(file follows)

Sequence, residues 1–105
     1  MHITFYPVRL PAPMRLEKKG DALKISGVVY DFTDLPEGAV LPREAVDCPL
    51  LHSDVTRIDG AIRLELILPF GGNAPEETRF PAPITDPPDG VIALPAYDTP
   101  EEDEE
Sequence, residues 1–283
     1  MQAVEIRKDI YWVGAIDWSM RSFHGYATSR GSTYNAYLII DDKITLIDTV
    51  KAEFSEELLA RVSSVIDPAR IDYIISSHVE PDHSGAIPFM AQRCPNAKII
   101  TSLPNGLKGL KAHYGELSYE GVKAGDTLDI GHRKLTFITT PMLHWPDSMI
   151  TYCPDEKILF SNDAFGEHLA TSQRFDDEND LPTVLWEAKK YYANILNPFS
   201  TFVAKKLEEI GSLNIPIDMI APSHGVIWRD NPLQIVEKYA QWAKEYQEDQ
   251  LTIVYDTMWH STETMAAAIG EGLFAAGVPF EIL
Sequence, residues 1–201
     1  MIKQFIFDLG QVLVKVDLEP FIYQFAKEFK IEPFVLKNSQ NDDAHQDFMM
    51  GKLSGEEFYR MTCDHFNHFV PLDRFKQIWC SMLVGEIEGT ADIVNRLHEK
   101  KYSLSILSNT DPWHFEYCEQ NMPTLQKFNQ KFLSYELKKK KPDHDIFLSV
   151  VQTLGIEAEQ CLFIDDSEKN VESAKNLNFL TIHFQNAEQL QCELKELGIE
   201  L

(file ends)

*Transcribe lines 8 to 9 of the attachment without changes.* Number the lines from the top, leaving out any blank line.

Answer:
   101  TSLPNGLKGL KAHYGELSYE GVKAGDTLDI GHRKLTFITT PMLHWPDSMI
   151  TYCPDEKILF SNDAFGEHLA TSQRFDDEND LPTVLWEAKK YYANILNPFS